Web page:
Theo Epstein Is Responsible for Lack of Pitching Depth That Caused Sox Collapse

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Theo Epstein Is Responsible for Lack of Pitching Depth That Caused Sox Collapse
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Lack of pitching depth. Lack of pitching depth. Lack of pitching depth.

That was, by far, the biggest problem the Red Sox had in 2011, and the responsibility rests almost entirely with general manager Theo Epstein. The rest of the management team likely shares a bit of that too.

For some reason, media and fans are getting confused about what the most salient factors were that contributed to their disastrous collapse in Baltimore on Wednesday night. Radio talk show hosts are complaining the team was "too soft" or "lacked fire."  People keep harping on how it seemed impossible for such a talented team to lose so many games in September.

Yeah, I was surprised too, but, after seeing John Lackey, Tim Wakefield, Kyle Weiland, an injjured Eric Bedard and Andrew Miller be sent out to start game after game in August and September, was it really THAT surprising that the team kept losing so much?

I don't think so. The Red Sox ran out of good, or even half-decent, pitchers in 2011, and that problem plagued them all season.

 If the team had more pitchers on its bench or on their minor league teams, I don't think we would have seen Wakefield start—and fail to win—about nine games in a row while he was in pursuit of his 200th win on the Red Sox. In my view, Wakefield should have not even made the team in 2011, but I certainly think there should have been some better pitchers available than the 45-year-old knuckleballer.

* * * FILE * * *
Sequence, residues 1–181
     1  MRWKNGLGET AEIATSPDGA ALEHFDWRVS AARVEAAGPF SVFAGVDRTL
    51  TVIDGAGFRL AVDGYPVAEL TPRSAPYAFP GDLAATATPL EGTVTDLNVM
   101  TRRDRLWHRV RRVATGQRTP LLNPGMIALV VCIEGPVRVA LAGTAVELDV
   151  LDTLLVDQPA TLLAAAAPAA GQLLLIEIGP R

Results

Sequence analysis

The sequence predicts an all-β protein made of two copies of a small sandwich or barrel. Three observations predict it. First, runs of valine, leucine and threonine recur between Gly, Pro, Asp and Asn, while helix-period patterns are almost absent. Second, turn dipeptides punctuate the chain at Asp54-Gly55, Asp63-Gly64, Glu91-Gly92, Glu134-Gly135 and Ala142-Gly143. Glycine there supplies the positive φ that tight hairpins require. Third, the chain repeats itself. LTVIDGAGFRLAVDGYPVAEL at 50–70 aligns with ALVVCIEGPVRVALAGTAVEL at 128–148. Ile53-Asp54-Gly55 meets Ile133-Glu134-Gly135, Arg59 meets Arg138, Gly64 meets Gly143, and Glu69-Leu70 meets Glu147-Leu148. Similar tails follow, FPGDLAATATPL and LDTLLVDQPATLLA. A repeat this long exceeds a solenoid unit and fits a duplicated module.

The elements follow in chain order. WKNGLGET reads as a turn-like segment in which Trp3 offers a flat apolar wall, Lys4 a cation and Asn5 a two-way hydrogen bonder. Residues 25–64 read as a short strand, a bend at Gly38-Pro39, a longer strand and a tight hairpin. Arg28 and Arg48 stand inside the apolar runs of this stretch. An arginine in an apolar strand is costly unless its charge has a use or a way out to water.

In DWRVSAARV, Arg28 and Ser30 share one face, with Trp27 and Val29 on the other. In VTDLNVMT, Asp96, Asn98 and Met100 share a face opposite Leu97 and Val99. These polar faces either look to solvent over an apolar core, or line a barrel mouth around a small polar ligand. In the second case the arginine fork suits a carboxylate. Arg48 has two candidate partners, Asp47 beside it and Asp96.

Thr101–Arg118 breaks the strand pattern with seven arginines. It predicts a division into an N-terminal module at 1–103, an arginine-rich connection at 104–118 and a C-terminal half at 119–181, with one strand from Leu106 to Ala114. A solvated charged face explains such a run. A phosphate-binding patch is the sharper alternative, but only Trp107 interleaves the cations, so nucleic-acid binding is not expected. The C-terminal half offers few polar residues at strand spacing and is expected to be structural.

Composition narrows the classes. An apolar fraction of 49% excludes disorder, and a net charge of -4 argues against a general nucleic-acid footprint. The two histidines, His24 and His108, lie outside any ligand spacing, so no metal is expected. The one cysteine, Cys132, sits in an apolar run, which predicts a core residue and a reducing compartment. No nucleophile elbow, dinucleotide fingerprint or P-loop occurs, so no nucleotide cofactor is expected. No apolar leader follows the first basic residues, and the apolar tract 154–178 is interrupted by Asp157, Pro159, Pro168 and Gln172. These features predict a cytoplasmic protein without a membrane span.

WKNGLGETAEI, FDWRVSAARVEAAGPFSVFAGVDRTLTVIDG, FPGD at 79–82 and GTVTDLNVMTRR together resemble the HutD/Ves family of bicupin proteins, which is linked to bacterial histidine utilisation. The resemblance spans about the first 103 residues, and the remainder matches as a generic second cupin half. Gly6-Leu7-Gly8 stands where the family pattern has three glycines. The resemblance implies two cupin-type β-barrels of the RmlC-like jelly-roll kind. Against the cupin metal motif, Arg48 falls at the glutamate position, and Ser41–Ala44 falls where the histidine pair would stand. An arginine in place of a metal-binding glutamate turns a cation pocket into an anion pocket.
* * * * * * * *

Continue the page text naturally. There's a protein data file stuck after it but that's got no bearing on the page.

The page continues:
I will not bother regurgitating the stats, but I think you'll find that Lackey, Weiland, Bedard and Miller did not help the Sox win many games. The question is: Why were the Red Sox so THIN, so SHALLOW, in their pitching depth? They had no one in reserve.

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Granted, no team can foresee or prevent injuries,  but this particular Sox team was incredibly ill-prepared to handle the gaps caused by injury or ineptitude. So, while we keep hearing every member of the media recite and re-recite the stats for September, no one seems to have asked how the team got into this quagmire.

Epstein, in a Sept. 23 article posted on by Alex Speier, admitted that the team's lack of pitching depth had been a significant problem.

"....Your backup plans look OK if one (pitcher) goes down, but they start to look a little bit less good if you lose two or three and four, it gets rough....But there are other teams have withstood this. There were a number of factors. We had a number of guys we thought positioned fairly well in the farn system to step up and take a more meaningful role, but development is not linear, and it just so happened that those players didn't develop the way we wanted on the perfect time frame for how our injuries coincided.  That happens. That's baseball."